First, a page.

Alternative medicine as religion

Over the years, I’ve often likened non-science-based medical belief systems to religion. It’s not a hard argument to make. Religion involves believing in things that can’t be proven scientifically; indeed, religion makes a virtue out of ignoring the evidence and accepting various beliefs on faith alone. Similarly, alternative medicine frequently tells you that you have to believe in the therapy, dedicate yourself completely to it, in order for it to work. Of course, as I’ve also mentioned before, it is that insistence on belief and total commitment shared by religion and alternative medicine that provides quacks with an “out” when their treatments don’t yield the promised results, their frequent excuse being to blame the patient. He didn’t believe hard enough. In a reverse of The Secret, which states that you can bring good things to yourself by simply wanting it, in alt-med world, it’s all too often implied (or even more than implied) that you bring calamities on yourself through bad diet, bad lifestyle, and bad thoughts. After all, what is the German New Medicine, other than the claim that cancerous tumors are not the disease, but rather a manifestation of buried emotional traumas that cause the “protective” mechanism of a tumor to result?

I was reminded of these things as I perused the copious comments of yesterday’s post, which, as you might recall, was about the utter quackery that is naturopathic cancer treatment. More specifically, I was reminded that the similarity between religious thinking and quackery can lead to situations where religion facilitates belief in quackery. It began rather rapidly and early in the comments when someone named Steffanie England leapt into the fray with statements like:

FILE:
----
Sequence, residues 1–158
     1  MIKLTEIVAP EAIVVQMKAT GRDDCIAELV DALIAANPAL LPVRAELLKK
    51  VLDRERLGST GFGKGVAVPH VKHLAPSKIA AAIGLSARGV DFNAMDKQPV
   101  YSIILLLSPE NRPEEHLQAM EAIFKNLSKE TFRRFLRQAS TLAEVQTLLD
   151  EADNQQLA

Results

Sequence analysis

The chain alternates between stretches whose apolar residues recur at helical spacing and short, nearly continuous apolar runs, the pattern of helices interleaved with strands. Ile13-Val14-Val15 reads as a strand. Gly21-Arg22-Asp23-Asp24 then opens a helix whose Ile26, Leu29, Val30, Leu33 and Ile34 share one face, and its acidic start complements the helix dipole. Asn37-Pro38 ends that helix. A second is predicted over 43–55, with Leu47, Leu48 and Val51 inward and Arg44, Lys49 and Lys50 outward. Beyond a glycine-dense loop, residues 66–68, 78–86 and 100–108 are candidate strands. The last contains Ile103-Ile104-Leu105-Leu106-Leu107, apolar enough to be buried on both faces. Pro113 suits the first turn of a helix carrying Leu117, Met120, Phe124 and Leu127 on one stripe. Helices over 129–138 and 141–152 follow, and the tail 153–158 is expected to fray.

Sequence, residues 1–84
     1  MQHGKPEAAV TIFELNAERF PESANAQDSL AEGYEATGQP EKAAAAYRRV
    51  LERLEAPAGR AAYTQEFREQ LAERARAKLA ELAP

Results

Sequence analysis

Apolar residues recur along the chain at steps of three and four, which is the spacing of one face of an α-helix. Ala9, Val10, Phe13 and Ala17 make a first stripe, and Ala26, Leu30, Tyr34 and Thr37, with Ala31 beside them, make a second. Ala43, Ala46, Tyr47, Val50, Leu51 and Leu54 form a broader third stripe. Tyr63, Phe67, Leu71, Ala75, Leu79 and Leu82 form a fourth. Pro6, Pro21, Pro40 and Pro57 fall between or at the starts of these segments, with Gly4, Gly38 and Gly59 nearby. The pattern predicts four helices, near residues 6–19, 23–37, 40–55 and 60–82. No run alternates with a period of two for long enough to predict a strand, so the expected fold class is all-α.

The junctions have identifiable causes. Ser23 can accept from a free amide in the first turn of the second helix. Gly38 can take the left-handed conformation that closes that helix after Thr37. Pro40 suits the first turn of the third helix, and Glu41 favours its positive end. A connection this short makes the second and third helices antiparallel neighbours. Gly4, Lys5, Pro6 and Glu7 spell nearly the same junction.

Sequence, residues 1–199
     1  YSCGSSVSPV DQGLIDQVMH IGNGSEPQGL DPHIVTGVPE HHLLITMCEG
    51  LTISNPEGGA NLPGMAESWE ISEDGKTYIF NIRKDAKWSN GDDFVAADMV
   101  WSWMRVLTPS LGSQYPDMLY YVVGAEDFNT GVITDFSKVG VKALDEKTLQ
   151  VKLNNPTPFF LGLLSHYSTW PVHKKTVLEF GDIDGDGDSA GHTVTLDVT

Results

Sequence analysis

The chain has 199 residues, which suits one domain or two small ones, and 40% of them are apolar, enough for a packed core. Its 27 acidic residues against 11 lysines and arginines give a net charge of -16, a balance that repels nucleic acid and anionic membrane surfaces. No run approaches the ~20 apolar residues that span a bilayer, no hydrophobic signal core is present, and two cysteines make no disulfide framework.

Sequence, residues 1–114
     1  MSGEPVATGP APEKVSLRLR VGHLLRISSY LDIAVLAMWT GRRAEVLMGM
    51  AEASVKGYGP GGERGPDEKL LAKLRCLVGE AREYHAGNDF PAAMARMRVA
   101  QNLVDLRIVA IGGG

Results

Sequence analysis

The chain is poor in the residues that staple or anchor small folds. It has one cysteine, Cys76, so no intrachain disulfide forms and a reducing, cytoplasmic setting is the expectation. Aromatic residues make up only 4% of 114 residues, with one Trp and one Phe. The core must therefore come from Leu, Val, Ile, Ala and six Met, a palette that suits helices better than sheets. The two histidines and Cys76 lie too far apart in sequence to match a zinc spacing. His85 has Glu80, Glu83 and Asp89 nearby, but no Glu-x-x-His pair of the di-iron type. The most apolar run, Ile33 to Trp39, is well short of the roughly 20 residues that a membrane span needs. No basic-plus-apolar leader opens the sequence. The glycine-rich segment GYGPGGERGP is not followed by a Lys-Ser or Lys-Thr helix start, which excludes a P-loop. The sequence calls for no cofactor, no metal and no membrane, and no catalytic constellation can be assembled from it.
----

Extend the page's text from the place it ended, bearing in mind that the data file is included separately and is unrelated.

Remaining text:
ALLOPATHIC THINKING: Why sell GOD MADE medicine when you can’t make money off of it? Why not extract one or two components of an herb, a fruit etc. and PATENT IT!!! Discover what effects it has on the body. Then make more money prescribing drugs to counter the side effects!!! Brilliant!!! (NOT) Why not use the medicine GOD prescribed. “Let FOOD be THY MEDICINE”.


England then goes on to remonstrate with me:

Do some REAL research! Be brave enough to tell the TRUTH – like Dr. Judy Seeger!

Whenever I see the word “truth” in all capital letters, I’m reminded in what seems to be a nigh unbridgeable gap between our methods of thinking, because in science we do not speak of the “truth” (or the “Truth” or even the “TRUTH”). We speak of evidence, experimentation, and what the evidence shows. All conclusions are provisional, subject to revision as new evidence comes in. In contrast, Stephanie speaks of The Truth, and her “truth” includes antivaccine views, cancer quackery, and many, many more irrational views, proclaiming that the “truth is simple.”

It wasn’t long before another commenter arrived expounding similar ideas about God and how doctors are supposedly so “arrogant.” I’m referring to someone named Tamara St. John, who apparently runs a website called Optimum Health Through God’s Pharmacy. Tamara was diagnosed with breast cancer in 2009 and claims to have “healed herself” of cancer without the use of drugs or surgery. Given that I’m an aficionado of cancer cure testimonials (indeed, perhaps the earliest substantive post I wrote for this blog was about cancer cure testimonials), and it’s a topic I’ve revisited on this blog many times, Tamara’s story caught my attention. Breast cancer, as I’ve pointed out before, is a disease that has a highly variable clinical course, which can range from indolent, slowly progressing disease to rapidly progressing disease that kills within months. Indeed, it is possible that more breast cancers either fail to progress or even spontaneously regress than we thought.